January Purchasing Managers’ Report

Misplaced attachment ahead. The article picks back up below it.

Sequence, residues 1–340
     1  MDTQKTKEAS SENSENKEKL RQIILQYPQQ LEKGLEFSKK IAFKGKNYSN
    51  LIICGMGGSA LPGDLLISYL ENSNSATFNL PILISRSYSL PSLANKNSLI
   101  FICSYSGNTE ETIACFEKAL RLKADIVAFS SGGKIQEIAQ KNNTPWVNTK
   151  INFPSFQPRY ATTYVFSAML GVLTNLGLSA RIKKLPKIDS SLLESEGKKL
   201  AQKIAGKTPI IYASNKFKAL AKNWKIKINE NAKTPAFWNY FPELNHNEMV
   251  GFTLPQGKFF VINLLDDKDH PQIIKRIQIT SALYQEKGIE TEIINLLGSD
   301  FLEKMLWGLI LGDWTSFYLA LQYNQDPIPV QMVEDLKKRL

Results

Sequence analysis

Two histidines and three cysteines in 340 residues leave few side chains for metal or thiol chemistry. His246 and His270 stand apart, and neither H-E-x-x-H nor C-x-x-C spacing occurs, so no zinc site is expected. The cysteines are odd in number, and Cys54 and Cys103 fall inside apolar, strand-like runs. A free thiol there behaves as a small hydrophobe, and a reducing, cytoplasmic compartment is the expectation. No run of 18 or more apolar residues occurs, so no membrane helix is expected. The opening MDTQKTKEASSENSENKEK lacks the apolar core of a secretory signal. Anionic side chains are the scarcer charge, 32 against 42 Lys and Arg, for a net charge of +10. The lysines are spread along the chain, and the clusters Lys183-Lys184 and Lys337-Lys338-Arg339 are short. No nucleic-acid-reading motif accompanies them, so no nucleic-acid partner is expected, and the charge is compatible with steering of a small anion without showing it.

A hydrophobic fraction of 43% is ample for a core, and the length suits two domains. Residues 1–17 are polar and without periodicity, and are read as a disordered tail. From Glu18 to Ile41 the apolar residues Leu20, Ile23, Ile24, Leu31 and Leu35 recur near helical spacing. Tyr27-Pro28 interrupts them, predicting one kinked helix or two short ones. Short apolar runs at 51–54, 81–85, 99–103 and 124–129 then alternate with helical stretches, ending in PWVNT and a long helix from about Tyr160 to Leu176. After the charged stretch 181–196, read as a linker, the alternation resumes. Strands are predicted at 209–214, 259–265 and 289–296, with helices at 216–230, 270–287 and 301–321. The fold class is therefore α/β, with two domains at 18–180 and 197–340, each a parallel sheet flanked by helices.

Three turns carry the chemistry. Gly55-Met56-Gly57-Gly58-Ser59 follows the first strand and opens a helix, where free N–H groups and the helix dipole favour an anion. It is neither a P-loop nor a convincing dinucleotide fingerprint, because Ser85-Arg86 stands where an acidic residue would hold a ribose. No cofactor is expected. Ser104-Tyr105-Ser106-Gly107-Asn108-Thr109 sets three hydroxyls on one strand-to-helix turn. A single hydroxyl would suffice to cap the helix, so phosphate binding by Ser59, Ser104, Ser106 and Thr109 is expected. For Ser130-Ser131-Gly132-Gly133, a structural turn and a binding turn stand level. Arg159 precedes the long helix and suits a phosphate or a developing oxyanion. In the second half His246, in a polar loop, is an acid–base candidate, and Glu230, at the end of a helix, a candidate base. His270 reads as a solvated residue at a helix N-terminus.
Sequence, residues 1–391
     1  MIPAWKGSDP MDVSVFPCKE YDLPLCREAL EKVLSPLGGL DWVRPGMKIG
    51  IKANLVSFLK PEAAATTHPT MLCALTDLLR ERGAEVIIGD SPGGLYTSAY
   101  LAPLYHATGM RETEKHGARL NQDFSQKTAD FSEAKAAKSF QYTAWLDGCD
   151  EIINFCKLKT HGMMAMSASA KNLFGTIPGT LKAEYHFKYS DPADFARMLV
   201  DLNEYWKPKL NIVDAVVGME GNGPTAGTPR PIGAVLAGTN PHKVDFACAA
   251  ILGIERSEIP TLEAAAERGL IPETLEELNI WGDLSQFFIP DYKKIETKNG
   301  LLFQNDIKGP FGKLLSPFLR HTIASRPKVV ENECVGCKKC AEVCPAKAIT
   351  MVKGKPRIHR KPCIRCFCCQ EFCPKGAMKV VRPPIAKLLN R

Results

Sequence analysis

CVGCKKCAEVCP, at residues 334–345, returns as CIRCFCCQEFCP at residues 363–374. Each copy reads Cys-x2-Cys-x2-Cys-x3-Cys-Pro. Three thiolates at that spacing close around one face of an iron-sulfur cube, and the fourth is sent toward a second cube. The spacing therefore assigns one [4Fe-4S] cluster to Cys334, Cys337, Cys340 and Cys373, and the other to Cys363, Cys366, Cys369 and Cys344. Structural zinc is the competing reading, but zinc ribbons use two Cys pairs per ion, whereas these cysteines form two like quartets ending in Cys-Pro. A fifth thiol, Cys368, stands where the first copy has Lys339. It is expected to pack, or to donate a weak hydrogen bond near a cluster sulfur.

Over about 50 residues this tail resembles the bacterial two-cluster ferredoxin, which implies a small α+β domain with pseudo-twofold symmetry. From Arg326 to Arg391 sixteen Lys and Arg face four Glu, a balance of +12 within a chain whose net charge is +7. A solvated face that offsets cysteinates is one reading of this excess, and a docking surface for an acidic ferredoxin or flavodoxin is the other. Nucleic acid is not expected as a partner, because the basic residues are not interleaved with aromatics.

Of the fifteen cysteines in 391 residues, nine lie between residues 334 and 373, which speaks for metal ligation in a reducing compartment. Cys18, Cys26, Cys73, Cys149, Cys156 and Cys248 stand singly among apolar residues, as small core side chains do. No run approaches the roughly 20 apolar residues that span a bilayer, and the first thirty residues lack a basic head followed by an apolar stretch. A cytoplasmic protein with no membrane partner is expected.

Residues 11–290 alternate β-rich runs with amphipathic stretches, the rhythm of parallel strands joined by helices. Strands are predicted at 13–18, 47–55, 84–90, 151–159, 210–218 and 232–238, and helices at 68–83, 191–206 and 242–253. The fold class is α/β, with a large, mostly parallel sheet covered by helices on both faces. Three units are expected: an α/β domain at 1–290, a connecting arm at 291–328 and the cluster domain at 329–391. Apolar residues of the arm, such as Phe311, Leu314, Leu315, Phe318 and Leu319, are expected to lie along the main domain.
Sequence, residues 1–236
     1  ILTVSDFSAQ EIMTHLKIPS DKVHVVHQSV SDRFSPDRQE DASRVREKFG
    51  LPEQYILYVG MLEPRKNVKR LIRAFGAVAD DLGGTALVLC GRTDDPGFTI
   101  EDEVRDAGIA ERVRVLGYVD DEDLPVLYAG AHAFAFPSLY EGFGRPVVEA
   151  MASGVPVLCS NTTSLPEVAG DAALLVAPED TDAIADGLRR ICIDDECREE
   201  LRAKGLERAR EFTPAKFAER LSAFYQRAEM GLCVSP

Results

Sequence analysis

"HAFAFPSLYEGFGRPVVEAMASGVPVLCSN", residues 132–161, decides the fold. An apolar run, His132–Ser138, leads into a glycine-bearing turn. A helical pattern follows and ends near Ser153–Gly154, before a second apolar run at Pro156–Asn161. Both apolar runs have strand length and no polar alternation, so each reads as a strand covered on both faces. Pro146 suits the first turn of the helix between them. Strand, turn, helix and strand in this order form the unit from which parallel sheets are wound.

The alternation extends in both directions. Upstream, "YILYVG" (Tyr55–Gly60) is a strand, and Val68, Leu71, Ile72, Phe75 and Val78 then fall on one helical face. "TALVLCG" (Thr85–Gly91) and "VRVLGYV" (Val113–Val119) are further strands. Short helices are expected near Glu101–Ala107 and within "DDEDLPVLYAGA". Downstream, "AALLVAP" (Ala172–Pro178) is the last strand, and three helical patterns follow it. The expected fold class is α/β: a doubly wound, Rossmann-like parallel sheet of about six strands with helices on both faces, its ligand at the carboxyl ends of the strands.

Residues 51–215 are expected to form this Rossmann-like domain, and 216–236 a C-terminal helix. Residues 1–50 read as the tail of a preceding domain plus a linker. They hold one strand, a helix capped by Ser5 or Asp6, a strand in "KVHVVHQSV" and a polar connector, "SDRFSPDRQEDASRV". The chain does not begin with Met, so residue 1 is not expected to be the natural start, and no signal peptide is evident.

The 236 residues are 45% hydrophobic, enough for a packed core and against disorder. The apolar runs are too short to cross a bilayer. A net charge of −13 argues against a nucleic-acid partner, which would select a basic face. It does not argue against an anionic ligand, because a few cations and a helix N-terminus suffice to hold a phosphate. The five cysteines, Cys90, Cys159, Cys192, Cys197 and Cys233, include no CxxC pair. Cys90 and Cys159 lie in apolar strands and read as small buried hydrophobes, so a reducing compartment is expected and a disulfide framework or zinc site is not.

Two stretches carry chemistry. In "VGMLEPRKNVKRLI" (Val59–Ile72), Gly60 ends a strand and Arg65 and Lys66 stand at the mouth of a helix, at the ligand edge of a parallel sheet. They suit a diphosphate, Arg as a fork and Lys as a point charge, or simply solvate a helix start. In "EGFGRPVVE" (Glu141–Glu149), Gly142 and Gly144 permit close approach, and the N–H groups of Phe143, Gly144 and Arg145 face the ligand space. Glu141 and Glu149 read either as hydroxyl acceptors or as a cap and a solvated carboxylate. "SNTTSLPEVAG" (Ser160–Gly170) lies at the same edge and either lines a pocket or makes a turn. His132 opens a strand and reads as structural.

The Institute for Supply Management said the manufacturing side of our economy grew at a 58.4 point clip, the sixth consecutive month above the 50-point breakeven level.  New orders have increased in each of the past four month, setting a blistering pace of improvement on the back of a substantial jump in demand for products we export.  This extremely positive report will likely have far-reaching ramifications, including an impetus for both renewed hiring and higher wages, leading to a possible pickup in retail sales.  All of that can start to feed back on its self, resulting in what economists refer to as a “virtuous cycle” where positive growth in one area sparks the same in others which, in turn, boost the original catalyst even higher, and so forth.  Further impetus for such  a cycle may seen in the sharp jump order backlogs posted, rising to 56, and possibly beginning to eat into the productivity gap which still remains to be filled as much machinery sits idle.  This potential for increased capacity utilization should boost corporate profits and hopefully will provide some support for equity prices.  On the other hand, while prices paid at the wholesale level are skyrocketing, there is no definitive sign these costs at the raw and intermediate goods level are being pushed through to you and me at retail stores.  If that can’t happen, then this promise of future profits will get squeezed.  Inventories still came in below the 50 point level so destocking remains the order of the day, one major factor that continues to work against the manifestation of a self-sustaining virtuous cycle.  Employment rose to 53.3, but until we begin to see both an increase in inventories and capacity utilization, it will not likely show robust improvement.  The non-manufacturing ISM index, which was detailed in a subsequent report and has been swinging back and forth between a positive and negative reading for some time now, showed a slight 0.7 point gain, bringing it back above the neutral zone to 50.5.  New orders rose strongly here as well, gaining well over 2 points to hit 54.7, a level higher than any seen in more than two years.  Orders rose, business activity continued to increase, although at a softer pace, but employment, which did gain one point, continued to contract, posting 44.6 for the month.  Inventories fell substantially while prices paid continued moving up aggressively.  This strong increase in costs seen within both halves of the report is worrisome.  If it continues, look for interest rates to move up a bit to counter-balance the inflationary expectations that will no doubt result.